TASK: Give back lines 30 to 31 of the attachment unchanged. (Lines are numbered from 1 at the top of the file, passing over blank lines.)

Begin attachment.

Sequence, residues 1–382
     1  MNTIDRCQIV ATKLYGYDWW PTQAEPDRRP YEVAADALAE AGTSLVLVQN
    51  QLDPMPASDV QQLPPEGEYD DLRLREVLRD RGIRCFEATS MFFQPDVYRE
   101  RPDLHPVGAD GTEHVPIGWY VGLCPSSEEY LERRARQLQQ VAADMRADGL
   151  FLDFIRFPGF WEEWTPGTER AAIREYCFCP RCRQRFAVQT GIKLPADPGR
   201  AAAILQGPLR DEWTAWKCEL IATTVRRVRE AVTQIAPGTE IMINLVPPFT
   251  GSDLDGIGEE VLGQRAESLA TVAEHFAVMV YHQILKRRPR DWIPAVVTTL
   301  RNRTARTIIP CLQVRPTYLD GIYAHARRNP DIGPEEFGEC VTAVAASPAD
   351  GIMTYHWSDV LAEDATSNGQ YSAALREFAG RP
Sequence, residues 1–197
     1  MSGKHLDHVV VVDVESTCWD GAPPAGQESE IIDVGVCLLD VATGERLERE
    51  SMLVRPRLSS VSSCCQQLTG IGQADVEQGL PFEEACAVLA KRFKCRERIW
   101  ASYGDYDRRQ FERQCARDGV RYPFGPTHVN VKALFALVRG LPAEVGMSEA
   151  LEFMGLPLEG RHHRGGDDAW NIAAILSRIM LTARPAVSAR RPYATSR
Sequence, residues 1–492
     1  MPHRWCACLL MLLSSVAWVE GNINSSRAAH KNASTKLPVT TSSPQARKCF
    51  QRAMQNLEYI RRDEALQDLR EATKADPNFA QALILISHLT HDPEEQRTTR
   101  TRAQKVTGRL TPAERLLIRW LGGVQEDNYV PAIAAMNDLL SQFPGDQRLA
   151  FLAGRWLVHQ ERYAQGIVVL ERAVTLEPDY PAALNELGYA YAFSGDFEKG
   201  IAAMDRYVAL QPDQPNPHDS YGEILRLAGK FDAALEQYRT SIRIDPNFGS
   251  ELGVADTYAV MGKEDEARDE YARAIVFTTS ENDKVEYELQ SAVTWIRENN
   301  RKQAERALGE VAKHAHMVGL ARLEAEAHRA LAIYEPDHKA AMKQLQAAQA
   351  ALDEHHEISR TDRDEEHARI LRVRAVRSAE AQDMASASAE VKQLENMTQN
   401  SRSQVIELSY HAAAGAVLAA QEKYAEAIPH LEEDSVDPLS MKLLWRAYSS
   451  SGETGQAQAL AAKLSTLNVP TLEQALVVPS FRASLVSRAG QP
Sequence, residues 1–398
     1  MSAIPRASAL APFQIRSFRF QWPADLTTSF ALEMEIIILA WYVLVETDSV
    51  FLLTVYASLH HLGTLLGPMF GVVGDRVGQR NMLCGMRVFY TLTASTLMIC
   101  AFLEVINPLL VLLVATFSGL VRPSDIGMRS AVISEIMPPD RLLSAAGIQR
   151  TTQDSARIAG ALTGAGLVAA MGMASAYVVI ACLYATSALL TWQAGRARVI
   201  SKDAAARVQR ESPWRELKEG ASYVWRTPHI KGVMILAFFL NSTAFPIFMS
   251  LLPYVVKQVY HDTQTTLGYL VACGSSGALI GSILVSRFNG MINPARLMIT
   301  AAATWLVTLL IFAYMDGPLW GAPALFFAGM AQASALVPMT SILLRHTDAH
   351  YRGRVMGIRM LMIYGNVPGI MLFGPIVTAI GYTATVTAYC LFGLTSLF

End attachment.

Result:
   151  TTQDSARIAG ALTGAGLVAA MGMASAYVVI ACLYATSALL TWQAGRARVI
   201  SKDAAARVQR ESPWRELKEG ASYVWRTPHI KGVMILAFFL NSTAFPIFMS